I called my mom in September one year. I was in my late thirties. She answered the phone, “Hello, what’s wrong?” Taken aback I replied, “What do you mean, what’s wrong?” There was something wrong, I had a terrible kidney infection but she had no knowledge of that. ”It’s September.” She said, “Every September you call with a major problem. It’s been that way all your life.”
I thought about it and she was right. Every September since I was a wee girl had been a difficult transition. I would get sick, get hurt or have some emotionally difficult, stressful event in my life.
“You know what? That’s true!” I exclaimed. ”When you were little, you were sick every September. Strep throat, poison ivy…it was always some drama every September.” We began to explore it. ”Why do you think that is?” I asked. ”I don’t know. It wasn’t school, you liked starting school. I thought maybe it had something to do with…OH SHIT!” ”What?!” ”I was going to say maybe it had something to do with your birthday and that your dad and brother were always starting football season so they weren’t around to celebrate but then I remembered something else. When you were two weeks old I left you, Sean and Colleen with Aunt Audrey while your dad and I drove from Pittsburgh to California. You were born August 16th so that would have been the beginning of September and we were gone for two weeks.” ”California?! You left me when I was two weeks old?! Aunt Audrey had four children of her own! I was two weeks old and you left for two weeks? That was the equivalent of my whole life to me.” “I’m sorry,” she said. “I didn’t realize.” ”Why did you go away when I’d just been born?” “Your dad wanted to go. We were thinking of moving there. And if your dad wanted to go, we went. I’m so sorry.”
Nervous system pattern imprinted.
A flood of emotion came over me. I felt sad for that little infant who’s mother was gone for as long as she had been there for her. Adult me knows she was left in a safe place but I suspect infant me didn’t know that. My Aunt Audrey would have had seven children under the age of ten on her hands with me as the youngest, a two week old infant. I felt angry that my mother was so unconscious and controlled by my father’s whims that she would agree to leave her two week old infant for two weeks to drive to California. I mean, what was the hurry? And what was he thinking? She had just given birth!
Shelly and her Mom, Doris
Once the shock, sadness and anger had lifted I felt compassion for my mom. She was twenty one years old and had three children under the age of four years. Now, in her sixties, she could acknowledge the impact of this decision but she felt powerless then. We don’t make decisions based on what we will know in the future but on what we know and understand in the moment. I also felt a wave of compassion for my two week old self. I imagined the stress she must have felt being separated from her mother for what must have seemed like an eternity to her. Next, I felt grateful that my mother did return and that I was having this conversation with her. Since that conversation Septembers have been less tragic. The subconscious controls more of our behavior than does the conscious mind. When a pattern is set into the nervous system the anniversary of it acts like an alarm clock, triggering the system to awake to the trauma without any conscious recognition of the source. The conversation with my mother gave me an opportunity to change the pattern. I acknowledged that September is a time when I will likely feel less robust, more fragile. I began to acknowledge the event and honor it. I still, now in my late forties, feel the pull each September on my energy. I feel the propensity to fatigue but if I change up my routine, take a holiday and consciously reduce my load I am able to make it through without crashing.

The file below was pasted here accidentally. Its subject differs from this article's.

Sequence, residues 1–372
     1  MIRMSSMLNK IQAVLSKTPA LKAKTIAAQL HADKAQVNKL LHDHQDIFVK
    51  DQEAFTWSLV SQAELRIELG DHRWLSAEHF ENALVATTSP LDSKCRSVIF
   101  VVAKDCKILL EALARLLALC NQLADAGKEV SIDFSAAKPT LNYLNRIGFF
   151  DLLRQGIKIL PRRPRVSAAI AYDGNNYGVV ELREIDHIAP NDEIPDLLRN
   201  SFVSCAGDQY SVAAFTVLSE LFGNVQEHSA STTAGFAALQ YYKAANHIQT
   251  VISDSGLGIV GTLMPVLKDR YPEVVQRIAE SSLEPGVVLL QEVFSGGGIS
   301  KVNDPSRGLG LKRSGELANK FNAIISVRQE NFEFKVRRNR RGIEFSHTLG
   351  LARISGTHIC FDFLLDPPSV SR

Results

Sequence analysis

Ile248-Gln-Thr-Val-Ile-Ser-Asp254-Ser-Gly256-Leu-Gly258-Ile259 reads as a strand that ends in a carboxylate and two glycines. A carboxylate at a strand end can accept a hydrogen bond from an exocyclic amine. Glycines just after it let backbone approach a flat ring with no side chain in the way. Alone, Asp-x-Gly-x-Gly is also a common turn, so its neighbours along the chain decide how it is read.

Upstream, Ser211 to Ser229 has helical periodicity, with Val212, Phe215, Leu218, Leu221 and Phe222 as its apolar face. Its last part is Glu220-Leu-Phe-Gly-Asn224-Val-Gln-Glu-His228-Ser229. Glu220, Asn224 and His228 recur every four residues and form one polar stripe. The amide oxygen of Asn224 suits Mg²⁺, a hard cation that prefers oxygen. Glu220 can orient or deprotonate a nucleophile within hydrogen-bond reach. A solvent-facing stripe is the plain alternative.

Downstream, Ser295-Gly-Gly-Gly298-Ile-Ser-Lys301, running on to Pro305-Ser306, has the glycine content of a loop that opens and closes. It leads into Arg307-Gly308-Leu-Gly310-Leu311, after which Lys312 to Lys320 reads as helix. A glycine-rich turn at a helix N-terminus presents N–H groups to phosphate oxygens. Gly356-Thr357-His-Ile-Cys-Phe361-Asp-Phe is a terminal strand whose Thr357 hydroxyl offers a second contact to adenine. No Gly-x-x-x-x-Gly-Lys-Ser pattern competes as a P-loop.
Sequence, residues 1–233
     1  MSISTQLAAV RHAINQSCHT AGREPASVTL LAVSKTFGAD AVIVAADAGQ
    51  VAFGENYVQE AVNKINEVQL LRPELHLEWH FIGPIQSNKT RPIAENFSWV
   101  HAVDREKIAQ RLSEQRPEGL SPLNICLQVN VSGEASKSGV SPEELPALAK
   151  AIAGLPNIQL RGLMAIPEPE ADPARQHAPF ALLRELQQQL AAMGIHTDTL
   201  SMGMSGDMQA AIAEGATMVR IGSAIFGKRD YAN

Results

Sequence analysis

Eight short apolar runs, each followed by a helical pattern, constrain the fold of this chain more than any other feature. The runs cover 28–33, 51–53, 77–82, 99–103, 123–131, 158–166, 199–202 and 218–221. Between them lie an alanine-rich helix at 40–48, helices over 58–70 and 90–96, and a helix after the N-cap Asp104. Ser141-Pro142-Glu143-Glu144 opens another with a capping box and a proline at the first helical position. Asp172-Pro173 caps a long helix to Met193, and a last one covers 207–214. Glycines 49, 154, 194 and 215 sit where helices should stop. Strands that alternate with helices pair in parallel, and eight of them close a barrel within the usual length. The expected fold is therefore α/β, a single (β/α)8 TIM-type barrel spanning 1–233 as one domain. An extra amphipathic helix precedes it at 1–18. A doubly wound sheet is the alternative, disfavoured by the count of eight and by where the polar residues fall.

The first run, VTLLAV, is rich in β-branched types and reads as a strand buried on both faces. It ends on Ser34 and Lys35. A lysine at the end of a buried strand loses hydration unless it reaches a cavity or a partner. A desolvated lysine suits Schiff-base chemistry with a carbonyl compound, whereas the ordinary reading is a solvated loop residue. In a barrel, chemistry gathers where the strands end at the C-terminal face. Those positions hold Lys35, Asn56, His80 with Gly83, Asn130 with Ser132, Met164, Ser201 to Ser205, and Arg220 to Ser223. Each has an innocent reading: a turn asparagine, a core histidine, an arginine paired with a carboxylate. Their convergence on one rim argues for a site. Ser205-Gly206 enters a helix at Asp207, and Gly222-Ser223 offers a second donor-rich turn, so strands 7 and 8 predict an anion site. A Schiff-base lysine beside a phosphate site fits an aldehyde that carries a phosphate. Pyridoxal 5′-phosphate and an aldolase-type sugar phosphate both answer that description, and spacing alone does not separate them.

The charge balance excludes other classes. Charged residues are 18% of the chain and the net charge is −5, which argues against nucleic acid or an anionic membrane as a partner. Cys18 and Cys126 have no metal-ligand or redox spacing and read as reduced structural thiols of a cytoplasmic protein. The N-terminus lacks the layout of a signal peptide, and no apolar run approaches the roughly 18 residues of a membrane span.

I have witnessed this pattern in clients, friends and family over the years. Conscious recognition of difficult anniversaries of trauma really does seem to diminish their dominance. Give yourself the gift of taking a moment to think about what unconscious behaviors may be effecting your quality of life. What traumas have been significant to your life? Death to close friends or family members? Personal tragedy? Without dwelling on them, make a note of the anniversary and as it approaches give yourself a little more space. Notice how you feel emotionally, does your energy wane? Rather than try to push through, acknowledge it and do some self-care; get a massage, go for a walk, rest a bit more, cry if you feel the impulse to even if there is nothing currently happening in your life to cry about. All of this can help to soften hard wired nervous system pattern rendering it less damaging to your health.
Shelly Shelley, LMP is a Certified Advanced SOMA Practitioner, Certified Visceral Massage Therapist, NYR Organic Consultant and Reiki Master. She has been in practice as a LMP since 1996. In addition to her private practice, Shelly has served as a post-graduate instructor and workshop facilitator for the SOMA Institute. It is Shelly’s goal to assist her clients in sharpening their own ability to listen to the wise council of their body in order to live a life of full of vitality, beauty and meaning.